The IMF could be good for Ireland

Much of what is in the bailout conditions was expected. We all knew that massive cuts in spending and heavy increases in taxation were on the way.

But the detail of some of it is surprising. Like the specific targeting of Ireland's overpaid professionals -- especially the lawyers and doctors -- and the statement that their charges have to be driven down within nine months. This will be done by opening up the "closed shop" of the various professions so that people can get in more easily, and there will be much more competition.

Also interesting is the way the document talks about the sale of semi-state companies, with the proceeds being used to reduce the national debt.

The bottom line in the document is that the loans from the EU/IMF to keep the country afloat for the next four years will only be paid if the agreed targets are met, to the agreed timetable. That means fast action on huge cuts in government spending, no matter how painful.

It also means taking much more tax from those in jobs, especially higher earners. It's all about balancing the books as quickly as possible.

In fact looking over the agreement with the EU/IMF, it's hard to disagree with most of what it contains. Most of the details are changes that the Irish government has been promising for years, but never had the cojones to implement.

These changes are about shrinking a government and state sector that has become way too big and way too costly. They're about tackling the vested interests in Irish society -- from the €1,200 a week plumbers to the million a month developers -- who paid so little tax because there were so many loopholes.

Another of the vested interests here are the state sector workers, the only area of the Irish economy in which the unions are still all powerful.

The government has been terrified of tackling them and still clings to the doctrine of social partnership, a system which has meant no strikes but very high wages. State workers here earn far more than their counterparts in Northern Ireland, for example.

As tax revenue dried up over the past three years, the government tried to reduce the enormous state payroll bill by cutting pay slightly. The now infamous Croke Park Agreement with the state sector unions over a year ago was supposed to deliver further savings by greater efficiency. In return the unions were promised there would be no further pay cuts and no forced job losses.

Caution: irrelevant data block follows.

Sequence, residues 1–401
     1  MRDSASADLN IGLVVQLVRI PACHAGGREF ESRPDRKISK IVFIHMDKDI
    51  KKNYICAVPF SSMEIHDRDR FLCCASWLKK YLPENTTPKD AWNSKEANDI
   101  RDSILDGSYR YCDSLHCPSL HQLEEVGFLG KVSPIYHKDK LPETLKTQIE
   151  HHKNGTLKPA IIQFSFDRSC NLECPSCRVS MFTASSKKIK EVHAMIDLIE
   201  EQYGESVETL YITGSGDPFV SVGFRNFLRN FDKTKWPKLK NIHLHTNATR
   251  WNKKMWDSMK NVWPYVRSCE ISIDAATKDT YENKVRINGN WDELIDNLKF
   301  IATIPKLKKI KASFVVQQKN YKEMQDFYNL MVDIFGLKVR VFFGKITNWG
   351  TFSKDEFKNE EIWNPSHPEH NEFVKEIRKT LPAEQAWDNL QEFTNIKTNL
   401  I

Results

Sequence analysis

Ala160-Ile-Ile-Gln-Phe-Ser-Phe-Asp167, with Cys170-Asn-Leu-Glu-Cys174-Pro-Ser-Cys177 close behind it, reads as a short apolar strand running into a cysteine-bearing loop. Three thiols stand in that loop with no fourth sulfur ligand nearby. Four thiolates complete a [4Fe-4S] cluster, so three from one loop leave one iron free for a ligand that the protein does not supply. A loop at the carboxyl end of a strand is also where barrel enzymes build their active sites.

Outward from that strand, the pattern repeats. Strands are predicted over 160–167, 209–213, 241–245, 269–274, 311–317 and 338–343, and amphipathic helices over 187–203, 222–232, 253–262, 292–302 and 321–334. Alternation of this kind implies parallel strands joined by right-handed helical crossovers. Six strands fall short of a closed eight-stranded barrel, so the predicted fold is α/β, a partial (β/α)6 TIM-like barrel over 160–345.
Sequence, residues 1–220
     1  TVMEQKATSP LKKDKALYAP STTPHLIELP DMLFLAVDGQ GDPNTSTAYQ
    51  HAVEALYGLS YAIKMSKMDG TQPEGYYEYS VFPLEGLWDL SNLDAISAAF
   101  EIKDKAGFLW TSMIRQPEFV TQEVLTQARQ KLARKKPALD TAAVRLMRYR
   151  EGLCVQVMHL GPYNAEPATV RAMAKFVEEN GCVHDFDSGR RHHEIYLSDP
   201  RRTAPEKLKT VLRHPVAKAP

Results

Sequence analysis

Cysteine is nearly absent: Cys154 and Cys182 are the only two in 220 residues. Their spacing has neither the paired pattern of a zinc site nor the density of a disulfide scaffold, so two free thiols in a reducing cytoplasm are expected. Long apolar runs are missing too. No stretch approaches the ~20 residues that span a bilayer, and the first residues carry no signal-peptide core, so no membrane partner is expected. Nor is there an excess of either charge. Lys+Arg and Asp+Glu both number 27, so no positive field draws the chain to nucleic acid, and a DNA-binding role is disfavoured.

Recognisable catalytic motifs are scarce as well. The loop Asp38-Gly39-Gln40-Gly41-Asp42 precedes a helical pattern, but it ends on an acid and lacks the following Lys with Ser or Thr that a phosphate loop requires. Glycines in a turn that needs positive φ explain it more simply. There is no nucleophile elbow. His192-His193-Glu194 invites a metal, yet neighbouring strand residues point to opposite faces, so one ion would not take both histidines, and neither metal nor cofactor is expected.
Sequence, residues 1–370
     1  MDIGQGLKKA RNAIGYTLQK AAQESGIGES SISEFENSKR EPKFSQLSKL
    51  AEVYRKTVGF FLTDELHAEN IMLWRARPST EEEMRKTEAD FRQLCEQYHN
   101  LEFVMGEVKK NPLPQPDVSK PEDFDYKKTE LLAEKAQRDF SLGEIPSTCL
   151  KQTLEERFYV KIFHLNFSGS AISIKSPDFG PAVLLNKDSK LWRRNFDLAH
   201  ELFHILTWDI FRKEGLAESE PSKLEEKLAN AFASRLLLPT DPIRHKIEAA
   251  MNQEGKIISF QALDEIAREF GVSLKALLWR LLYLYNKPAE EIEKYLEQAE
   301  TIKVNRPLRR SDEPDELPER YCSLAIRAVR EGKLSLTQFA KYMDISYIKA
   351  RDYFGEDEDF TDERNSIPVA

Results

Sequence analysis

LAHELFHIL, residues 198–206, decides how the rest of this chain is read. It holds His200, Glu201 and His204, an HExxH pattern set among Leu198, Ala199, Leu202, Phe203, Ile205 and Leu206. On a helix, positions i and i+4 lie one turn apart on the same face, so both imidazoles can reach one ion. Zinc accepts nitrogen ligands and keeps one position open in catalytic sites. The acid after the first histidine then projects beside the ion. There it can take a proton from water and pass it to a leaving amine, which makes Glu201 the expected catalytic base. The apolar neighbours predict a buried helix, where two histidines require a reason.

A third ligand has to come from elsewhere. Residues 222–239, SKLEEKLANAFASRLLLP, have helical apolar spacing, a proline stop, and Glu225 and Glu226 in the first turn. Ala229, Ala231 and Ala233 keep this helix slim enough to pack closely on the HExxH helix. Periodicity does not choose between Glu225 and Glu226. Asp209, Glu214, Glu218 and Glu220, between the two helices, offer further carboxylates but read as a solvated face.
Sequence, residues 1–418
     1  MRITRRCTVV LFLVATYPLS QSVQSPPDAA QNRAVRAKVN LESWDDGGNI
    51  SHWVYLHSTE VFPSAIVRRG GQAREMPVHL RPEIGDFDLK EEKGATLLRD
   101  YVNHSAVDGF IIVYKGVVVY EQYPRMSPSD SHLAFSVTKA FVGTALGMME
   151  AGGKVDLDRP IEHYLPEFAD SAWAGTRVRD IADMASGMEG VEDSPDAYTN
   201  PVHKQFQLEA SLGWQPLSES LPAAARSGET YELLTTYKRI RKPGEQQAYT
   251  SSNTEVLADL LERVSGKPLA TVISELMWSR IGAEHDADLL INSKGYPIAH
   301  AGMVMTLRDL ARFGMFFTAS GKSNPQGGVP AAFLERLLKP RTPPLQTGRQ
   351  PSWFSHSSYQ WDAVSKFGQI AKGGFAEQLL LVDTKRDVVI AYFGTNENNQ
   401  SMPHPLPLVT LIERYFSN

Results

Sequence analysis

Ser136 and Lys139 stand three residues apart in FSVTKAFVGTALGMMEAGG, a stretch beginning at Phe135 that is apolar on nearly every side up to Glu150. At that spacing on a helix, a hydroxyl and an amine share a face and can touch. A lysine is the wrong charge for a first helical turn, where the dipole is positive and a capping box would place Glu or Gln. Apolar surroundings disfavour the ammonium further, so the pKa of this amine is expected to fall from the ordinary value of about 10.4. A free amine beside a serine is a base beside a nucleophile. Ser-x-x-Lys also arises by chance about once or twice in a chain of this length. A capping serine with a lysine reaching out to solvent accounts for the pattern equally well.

Given the state of the country's finances, this was an incredible deal for the unions. But so far, in spite of the crisis, only minimal savings have been achieved.

Now the EU/IMF document makes clear that unless major savings are forthcoming within nine months, there will be major cuts in state sector pay. So no more procrastination.

The truth is that for the last few years, the government has been trying to deal with the spending and taxation issues that are tackled head on in this document. Now the "memorandum of understanding" with the EU/IMF published last week has done so at a stroke, without fear or favor. To that extent, it is to be welcomed.
In fact if we were only concerned with sorting out the state's finances, the budget deficit, the conditions outlined in the EU/IMF €85 billion bailout document would be perfect.

But the problem is that we are also trying to fix our banks, because two years ago the state gave an absolute guarantee to all depositors in our banks. That guarantee effectively transferred the private debt of our banks into the sovereign debt of our country -- a move that was, in retrospect, disastrous for the ordinary Irish taxpayer.

Fixing our banks as well as the state finances means our bailout money has to be much more than we can really afford to pay back. And that is why, although there was no immediate alternative to us taking the money and although many of the conditions in the agreement will be good for us, there are now big question marks over our future.

The interest rate we are being charged is penal, only marginally less that we were paying on the markets before we withdrew. And this adds up to a huge annual interest bill, billions that will have to come out of our tax revenue before we start to pay for services like schools and hospitals.

This will have a depressing effect on economic activity here, and it is open to question whether our economy can recover any time soon with a debt service burden that is so heavy.

The EU/IMF have nothing to say about this scenario, instead taking the optimistic view that we will recover quickly enough to pay all our bills and get back to a normal state.

They are not in favor of making the bondholders in Irish banks carry at least some of the burden, which would be one way of quickly reducing the €85 billion millstone around Ireland's neck. But that is one issue that is not going to go away whether the EU/IMF likes it or not.

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